And the week is just beginning.
Learn more about The Nobelity Project and watch the trailer for Building Hope at: www.nobelity.org
[caption id="attachment_9047" align="alignleft" width="300" caption="Helen Zia, activist, author, former editor of Ms. Magazine (San Francisco Sentinel)"][/caption]
My eight years working full-time in the movement to end violence against women have left me a little jaded. I realized this a few days ago when, at a team meeting, some of my colleagues were discussing The Family Violence Prevention Fund’s new name: Futures Without Violence.
“Ugh,” I said. “Who do they thing they’re kidding?”
My colleagues laughed.
“Better turn on your light box today, Mary,” one of my colleagues quipped.
So it was with mixed feelings that I prepared to travel to San Francisco to attend the Asian Pacific Islander Institute on Domestic Violence’s (APIIDV) 2011 National Summit entitled: From Gender Violence to Gender Democracy. What Will It Take? A snarky voice in my head said: “From Gender Violence to Gender Democracy? Good luck with that one, ladies.”
My tenure as an advocate in a domestic violence shelter followed by years working on the National Domestic Violence Hotline, followed by my current work as a Public Policy Analyst at the Texas Council on Family Violence have left me with a keen awareness of the overwhelming problem of violence against women, a problem that I believe to be rooted in patriarchy and gender oppression and inequity.
While working on the National Domestic Violence Hotline, I answered over 25,000 calls from domestic violence victims and their friends and families, and in doing so I developed what I consider to be an extensive anecdotal understanding of the triumvirate of race, class and gender oppression in America. Take for instance, a call I received from a Mexican immigrant woman whose physically and sexually abusive husband had left her alone with her two children and no income. She’d been pounding the pavement for weeks looking for work, but because she had no work permit she had not been able to secure employment. And because she was a monolingual spanish speaker without state identification, she had been unable to find and access a local food bank.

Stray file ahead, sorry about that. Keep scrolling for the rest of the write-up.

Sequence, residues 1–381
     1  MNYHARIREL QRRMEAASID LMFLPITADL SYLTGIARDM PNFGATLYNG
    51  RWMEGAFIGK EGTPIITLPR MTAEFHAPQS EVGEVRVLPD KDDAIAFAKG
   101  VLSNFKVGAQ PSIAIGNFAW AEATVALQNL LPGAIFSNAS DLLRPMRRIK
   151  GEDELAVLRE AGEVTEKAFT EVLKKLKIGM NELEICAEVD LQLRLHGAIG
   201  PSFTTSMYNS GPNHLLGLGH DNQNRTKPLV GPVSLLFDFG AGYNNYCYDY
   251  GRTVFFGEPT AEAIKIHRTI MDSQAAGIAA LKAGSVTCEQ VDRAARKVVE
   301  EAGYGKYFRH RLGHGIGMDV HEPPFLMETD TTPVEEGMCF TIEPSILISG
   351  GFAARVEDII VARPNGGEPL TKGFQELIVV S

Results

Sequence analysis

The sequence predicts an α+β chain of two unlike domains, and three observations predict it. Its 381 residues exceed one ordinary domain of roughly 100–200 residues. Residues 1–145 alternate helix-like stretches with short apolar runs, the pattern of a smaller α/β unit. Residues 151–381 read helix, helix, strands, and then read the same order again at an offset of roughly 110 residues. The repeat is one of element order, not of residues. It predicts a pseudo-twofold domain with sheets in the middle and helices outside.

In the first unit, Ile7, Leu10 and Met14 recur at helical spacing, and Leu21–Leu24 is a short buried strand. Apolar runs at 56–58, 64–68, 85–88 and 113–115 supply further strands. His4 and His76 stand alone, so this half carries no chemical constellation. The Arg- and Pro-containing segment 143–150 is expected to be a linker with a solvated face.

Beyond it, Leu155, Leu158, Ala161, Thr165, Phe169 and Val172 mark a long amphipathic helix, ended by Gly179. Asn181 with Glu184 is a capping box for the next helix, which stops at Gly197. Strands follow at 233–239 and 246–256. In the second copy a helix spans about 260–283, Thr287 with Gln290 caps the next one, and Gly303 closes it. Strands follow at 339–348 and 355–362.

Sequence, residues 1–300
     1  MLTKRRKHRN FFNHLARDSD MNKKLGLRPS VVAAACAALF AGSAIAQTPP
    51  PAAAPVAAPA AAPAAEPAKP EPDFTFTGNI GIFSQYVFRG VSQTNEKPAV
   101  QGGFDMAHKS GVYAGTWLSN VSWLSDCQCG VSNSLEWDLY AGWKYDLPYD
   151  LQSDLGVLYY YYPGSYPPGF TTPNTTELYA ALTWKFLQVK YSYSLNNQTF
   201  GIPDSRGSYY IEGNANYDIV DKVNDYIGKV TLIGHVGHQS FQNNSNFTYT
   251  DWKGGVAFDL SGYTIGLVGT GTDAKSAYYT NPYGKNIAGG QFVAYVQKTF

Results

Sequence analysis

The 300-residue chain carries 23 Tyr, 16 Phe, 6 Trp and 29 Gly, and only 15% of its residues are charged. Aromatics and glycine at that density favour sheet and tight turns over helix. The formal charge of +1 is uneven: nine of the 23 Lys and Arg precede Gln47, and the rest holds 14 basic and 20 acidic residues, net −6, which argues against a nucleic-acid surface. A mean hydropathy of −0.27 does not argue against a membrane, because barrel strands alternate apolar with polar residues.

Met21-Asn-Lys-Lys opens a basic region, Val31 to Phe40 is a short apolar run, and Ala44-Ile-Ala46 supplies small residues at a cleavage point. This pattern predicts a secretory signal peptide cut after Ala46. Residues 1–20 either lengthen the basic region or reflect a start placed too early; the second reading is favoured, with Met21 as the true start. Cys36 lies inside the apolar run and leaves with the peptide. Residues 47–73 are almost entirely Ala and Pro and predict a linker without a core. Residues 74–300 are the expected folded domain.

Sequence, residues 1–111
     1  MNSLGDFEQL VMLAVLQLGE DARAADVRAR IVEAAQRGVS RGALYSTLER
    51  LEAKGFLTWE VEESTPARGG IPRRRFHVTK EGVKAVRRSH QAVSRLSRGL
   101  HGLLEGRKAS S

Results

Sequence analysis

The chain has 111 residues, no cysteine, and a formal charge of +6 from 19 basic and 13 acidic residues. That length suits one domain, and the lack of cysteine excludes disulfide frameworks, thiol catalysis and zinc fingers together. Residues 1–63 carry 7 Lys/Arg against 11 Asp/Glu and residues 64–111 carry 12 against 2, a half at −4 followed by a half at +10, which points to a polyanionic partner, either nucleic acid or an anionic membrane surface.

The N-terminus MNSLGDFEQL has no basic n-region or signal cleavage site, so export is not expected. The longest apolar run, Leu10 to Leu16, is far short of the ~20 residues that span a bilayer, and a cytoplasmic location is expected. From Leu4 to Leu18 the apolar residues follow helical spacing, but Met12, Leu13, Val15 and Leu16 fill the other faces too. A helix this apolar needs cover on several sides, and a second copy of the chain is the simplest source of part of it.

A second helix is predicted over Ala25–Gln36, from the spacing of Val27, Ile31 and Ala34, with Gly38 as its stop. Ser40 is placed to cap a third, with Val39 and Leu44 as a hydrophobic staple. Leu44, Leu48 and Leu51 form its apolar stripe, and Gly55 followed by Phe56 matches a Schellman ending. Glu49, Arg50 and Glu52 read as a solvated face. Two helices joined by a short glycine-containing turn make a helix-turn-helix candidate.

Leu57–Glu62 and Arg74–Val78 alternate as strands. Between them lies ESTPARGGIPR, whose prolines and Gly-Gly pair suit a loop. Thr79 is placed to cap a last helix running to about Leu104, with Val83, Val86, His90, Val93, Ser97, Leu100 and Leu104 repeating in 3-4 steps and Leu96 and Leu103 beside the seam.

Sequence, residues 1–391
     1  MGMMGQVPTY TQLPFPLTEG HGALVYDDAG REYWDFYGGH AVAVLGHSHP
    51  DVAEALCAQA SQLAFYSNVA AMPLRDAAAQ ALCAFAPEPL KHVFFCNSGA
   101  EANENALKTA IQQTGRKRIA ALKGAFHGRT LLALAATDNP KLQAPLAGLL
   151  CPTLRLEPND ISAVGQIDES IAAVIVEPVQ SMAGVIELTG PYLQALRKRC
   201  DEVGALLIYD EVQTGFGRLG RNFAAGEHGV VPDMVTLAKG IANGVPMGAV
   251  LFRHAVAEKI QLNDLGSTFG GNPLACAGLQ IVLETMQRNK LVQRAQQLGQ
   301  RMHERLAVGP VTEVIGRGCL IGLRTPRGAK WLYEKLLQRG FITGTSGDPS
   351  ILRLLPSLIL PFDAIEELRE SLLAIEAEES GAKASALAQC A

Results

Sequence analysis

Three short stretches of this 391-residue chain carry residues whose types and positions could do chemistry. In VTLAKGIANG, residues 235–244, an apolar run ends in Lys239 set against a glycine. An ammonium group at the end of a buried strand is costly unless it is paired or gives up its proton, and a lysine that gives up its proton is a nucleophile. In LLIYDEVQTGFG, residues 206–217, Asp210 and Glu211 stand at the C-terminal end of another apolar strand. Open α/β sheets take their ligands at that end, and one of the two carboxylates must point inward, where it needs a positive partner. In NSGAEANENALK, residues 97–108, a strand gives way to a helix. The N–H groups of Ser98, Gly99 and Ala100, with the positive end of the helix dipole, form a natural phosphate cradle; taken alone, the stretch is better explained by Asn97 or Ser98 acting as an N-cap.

“My teenager understands why we don’t have food,” she told me. “But I’ve had nothing for my two year-old to eat for three days except sugar water, and she doesn’t understand why she is hungry.”
Because of the secondary trauma and sadness that the heightened awareness of gender violence has brought about in me, I had a hard time believing that attending APIIDV’s 2 ½ day summit would truly energize me to continue my work to cut through the barriers to services for all victims of gender violence, or allow me to believe that this cause for which I have worked for so long is not painfully, terribly hopeless.
But Helen Zia, the summit’s first speaker, changed all that for me. Zia, a long-time activist, author and former editor of Ms. Magazine, took the stage and immediately addressed this issue with which I had been grappling.
Zia spoke on the title of the summit, saying that when she thinks about moving towards the goal of gender democracy she is reminded of how she, as a lesbian, used to feel about the Gay Rights Movement’s fight for legal marriage for gays and lesbians.
Zia said, “I had to ask myself, is this worth fighting for? Because:
a) It will never happen anyway, so what’s the point; and
b) What’s so great about marriage anyway?”
The audience laughed; and I realized that I had found an iconoclastic activist with a sense of humor dark enough even for me. Zia went on to say that in the 1950s, African-Americans had to sit at the back of the bus; they had to drink water from separate fountains. And when they were finally allowed to sit at the front of the bus, they found the front of the bus was cleaner. And when they were finally allowed to drink from the forbidden fountains, they found that the water was sweeter.